This is obviously where the UK just totally lost the case. There’s no silver lining here. The Court could have chosen to fudge this somewhat, but it went full in (and again, did so virtually unanimously, even if some of the judges were not entirely comfortable with the language of state responsibility).

    Finally, the Court noted that all UN member states must cooperate to finalize the decolonization of Mauritius (para. 180), since self-determination is an obligation erga omnes, and that the GA must ensure the protection of the human rights of the expelled Chagossians (para. 181). The ‘all states’ obviously includes the United States re Diego Garcia and all.

    It is very interesting just how brief the Court’s answer to question (b) is – the big blow to the UK is of course the framing of its presence in Chagos as a continuing wrongful act. Otherwise, however, the Court wanted to be as non-prescriptive as possible. Even on the matter of the return of the Chagossians it says more through silence than words.

    It remains to be seen, of course, how the UK government will react to all this. Things are not going all that well in Whitehall anyway, and there’s now not only Brexit, but also Chexit, to worry about."

    https://www.ejiltalk.org/icj-deliver...k-loses-badly/

    https://www.craigmurray.org.uk/archi...lands/#respond

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    "This is an advisory opinion, not a judgment," it said, adding however that Britain would "carefully" examine it.
    3,000 years later....

    "Yeah, hang on, we haven't finished reading it yet".

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    Quote Originally Posted by OhOh View Post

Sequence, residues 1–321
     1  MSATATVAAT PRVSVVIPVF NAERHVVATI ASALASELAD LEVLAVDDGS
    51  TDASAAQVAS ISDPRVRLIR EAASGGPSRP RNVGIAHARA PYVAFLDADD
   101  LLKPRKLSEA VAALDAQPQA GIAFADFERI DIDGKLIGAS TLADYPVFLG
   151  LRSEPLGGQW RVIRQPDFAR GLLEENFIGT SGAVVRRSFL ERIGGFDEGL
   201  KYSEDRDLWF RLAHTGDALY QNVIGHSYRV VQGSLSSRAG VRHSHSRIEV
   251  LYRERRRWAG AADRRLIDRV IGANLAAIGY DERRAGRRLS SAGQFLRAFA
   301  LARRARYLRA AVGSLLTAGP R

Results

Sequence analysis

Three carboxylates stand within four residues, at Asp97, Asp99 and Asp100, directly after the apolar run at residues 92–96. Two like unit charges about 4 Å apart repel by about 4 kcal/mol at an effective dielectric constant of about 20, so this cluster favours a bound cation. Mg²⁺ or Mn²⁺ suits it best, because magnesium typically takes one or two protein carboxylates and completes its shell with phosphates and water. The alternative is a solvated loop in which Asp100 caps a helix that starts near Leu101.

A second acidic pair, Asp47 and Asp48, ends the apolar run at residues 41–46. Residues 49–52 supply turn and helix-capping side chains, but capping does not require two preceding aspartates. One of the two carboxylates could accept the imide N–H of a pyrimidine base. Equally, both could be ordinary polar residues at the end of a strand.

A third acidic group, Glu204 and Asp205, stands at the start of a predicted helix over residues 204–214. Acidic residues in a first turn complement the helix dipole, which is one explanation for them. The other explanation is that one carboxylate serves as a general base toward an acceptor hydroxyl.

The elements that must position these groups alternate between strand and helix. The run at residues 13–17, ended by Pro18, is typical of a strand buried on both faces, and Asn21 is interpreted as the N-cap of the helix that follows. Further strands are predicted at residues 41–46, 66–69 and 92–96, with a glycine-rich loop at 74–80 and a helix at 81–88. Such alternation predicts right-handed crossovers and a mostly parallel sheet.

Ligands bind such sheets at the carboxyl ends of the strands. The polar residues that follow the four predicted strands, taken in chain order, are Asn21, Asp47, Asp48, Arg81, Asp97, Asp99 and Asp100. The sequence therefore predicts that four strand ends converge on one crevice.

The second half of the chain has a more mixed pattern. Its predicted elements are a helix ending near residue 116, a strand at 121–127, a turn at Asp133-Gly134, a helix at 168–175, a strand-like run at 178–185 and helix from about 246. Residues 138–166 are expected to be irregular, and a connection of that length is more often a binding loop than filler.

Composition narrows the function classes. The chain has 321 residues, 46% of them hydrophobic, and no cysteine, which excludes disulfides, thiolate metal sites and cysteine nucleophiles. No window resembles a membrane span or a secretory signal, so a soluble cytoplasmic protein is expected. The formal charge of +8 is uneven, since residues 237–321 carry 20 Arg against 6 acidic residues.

Which ameristani values would you like to offer that are being adhered too currently?
    Maybe you could tell us all how Russia and China will improve world freedom. Improved freedom of the press? improved criticism from opposition parties? Improved freedom of assembly? Improved human rights? You so obviously see the current system is flawed.
    Please demonstrate how those basic democratic principles will be improved by Russia and China around the world. How well has their support worked so far? Let's see. They support DPRK that bastion of freedom. Syria oh yes I forgot Assad is the father of democracy, the Arab Mandela. Iran well known for freedom especially womens rights. Bu I digress and await your answer on how wonderful the world will be with Russia and China in and the U.S. out. No doubt the first line will be the usual tedious obfuscation "What about the USA". The old politicians trick of when you have no answer criticise the other party.
    I'm not holding my breath as you well know you cannot and will not as you have no answer.

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    Quote Originally Posted by Hugh Cow View Post
    Maybe you could tell us all how Russia and China
    utilising the star posters evasive posts as standard:

    Quote Originally Posted by harrybarracuda View Post
    "Yeah, hang on, I haven't finished writing the world's history, yet".
    and



    I refer you back to my previous posts on this topic .................................................. .................................................. .................................................. .................................................. .................................................. .......................

    (DOS Error Message: Too many to list, stack overflow warning, re-booting)
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    Attached Images Attached Images
    Last edited by OhOh; 27-02-2019 at 10:22 AM.

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    Quote Originally Posted by OhOh View Post
    utilising the star posters evasive posts as standard:
    Since his post is on the topic you started, perhaps you should respond to it rather than trying to waffle your way out of it.

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    Quote Originally Posted by harrybarracuda View Post
    you should respond
    Quote Originally Posted by OhOh View Post
    Quote Originally Posted by harrybarracuda View Post
    "Yeah, hang on, I haven't finished writing the world's history, yet".
    Already have done.